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How To Use Bilingual Books with Children | Bilingual Kidspot


Last Updated on October 4, 2023 by Bilingual Kidspot

5 Ways To Use Bilingual Books With Kids

Bilingual Books are books written in two different languages. They aren’t usually translated word for word, but rather the same story line written in each language.

If they are written well, bilingual books can be a valuable resource for parents and educators to use with children.

Using Bilingual Books with Children

Studies have shown that supporting a child’s home language is very important for enhancing academic performance, even in cases where the language spoken at school is not the same as the language spoken at home.

Children do better in school when their parents read to them, communicate, and engage in daily tasks and activities in the language in which they are most comfortable.

Bilingual books are a great resource for bridging the two different languages. They offer educators the chance to teach their pupils in the school language while providing a tool for home language development and parental involvement.

Books in two languages can motivate parents to continue interacting with their children in their home language, knowing that it will help their overall language development, not hinder their school achievement.

How to use Bilingual Books with Kids

Below are 5 tips for parents and educators to use bilingual books in the classroom and at home to improve literacy skills and encourage cultural appreciation.

1. Teachers can read a bilingual book in the school language and then lend it to the child to read in the home language.

In addition to supporting their child’s overall language development, reading at home with parents strengthens the child-parent bond and helps the parent teach about their shared culture and language.

2. Educators can read bilingual books in English and then show students written text in a second language.

Teachers can use bilingual stories to familiarize children with other languages that use the Roman alphabet as well as languages with different letters and symbols, such as Hindi and Korean.

This way, children can better understand that written speech and letters have varied forms.

3. Teachers can read culturally relevant bilingual books.

When educators read multicultural books that show texts from other parts of the world, they are imparting knowledge about various cultures, customs and traditions.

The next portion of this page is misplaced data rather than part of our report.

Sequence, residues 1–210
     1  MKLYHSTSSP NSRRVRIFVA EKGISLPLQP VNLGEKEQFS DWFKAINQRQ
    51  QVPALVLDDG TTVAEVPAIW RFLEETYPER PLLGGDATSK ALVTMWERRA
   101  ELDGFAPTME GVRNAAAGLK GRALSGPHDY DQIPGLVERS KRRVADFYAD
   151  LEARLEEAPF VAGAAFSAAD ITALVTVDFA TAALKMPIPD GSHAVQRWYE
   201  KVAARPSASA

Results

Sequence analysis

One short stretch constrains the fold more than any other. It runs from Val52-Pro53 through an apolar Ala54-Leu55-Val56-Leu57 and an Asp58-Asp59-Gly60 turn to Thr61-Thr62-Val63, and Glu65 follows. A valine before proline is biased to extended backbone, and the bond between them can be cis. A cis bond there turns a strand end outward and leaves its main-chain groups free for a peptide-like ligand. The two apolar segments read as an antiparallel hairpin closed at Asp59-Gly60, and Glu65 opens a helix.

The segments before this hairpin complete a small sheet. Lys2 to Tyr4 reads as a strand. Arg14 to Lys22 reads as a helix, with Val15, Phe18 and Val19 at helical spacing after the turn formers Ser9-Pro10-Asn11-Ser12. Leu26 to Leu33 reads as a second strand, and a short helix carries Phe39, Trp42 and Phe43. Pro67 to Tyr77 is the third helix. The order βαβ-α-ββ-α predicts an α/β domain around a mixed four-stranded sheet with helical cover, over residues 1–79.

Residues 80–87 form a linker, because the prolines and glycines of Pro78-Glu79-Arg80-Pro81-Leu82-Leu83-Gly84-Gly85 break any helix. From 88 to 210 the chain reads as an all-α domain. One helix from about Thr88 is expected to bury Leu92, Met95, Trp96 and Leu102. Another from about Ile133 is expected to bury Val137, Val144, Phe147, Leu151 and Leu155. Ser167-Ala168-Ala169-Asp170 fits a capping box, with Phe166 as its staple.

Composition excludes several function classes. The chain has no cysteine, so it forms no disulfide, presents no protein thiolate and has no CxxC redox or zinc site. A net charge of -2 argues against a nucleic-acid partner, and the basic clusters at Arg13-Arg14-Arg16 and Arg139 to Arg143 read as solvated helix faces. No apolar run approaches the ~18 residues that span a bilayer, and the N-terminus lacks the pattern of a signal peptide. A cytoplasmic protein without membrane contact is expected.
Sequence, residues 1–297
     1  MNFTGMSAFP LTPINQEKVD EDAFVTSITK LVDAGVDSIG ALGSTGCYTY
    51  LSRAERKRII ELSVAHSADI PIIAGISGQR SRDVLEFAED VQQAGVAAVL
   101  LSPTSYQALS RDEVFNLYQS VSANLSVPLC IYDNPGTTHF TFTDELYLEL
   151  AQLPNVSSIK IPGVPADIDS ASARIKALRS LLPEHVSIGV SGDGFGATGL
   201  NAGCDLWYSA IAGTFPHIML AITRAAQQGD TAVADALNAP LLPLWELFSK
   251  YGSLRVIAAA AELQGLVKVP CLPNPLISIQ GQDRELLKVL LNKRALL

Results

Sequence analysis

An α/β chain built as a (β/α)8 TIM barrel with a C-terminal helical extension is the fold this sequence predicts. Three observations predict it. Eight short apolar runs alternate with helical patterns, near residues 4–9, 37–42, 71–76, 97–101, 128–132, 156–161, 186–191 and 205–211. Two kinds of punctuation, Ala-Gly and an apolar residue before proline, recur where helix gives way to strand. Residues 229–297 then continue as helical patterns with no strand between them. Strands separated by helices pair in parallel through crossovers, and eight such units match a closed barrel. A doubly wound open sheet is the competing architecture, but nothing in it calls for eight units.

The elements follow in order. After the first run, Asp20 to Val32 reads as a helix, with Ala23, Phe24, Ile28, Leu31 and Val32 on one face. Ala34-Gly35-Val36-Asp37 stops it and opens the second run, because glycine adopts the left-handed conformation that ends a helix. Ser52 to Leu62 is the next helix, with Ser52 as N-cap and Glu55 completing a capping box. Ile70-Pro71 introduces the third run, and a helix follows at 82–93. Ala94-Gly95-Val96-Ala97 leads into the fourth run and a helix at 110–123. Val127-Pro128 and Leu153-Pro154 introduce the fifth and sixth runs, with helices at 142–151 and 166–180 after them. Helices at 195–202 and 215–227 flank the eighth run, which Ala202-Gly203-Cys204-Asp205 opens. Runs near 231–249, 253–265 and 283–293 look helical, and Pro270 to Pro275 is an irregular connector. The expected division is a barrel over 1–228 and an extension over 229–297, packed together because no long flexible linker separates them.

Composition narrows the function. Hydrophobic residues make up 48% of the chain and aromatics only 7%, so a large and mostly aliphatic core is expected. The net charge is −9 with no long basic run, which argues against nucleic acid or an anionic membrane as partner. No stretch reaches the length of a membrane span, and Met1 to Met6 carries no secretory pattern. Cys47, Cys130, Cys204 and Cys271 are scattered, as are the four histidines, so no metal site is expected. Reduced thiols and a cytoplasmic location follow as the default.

This promotes a climate of cultural diversity and tolerance in the classroom.

4. Parents or other volunteers can read a bilingual book in the non-dominant language.

Teachers can invite parents to participate in reading bilingual books in their home language to the class.

The teacher can then read the book in the school language. This enhances the bonds between the class and the family/community. It also makes parents feel welcome and provides an opportunity for them to share their expertise. 

If parents are unable or unwilling to come to the classroom, other teachers or community members who know the home language can be invited to read in the second language.

5. Engage children with question and answer sessions and discussion in both the school and home languages.

Bilingual books can offer the chance to discuss the same subjects in two separate languages.

Teachers can initiate communication in the school’s language, while parents can do the same in their home language.

Children can be sent home with a list of suggested topics for discussion to use with parents at home.

These are just a few examples of ways that teachers and parents can utilize bilingual books at school and at home.

The aim is to build a child’s overall literacy and communication skills, ensure that they are proud of their culture and language, and help them become understanding, multicultural citizens.

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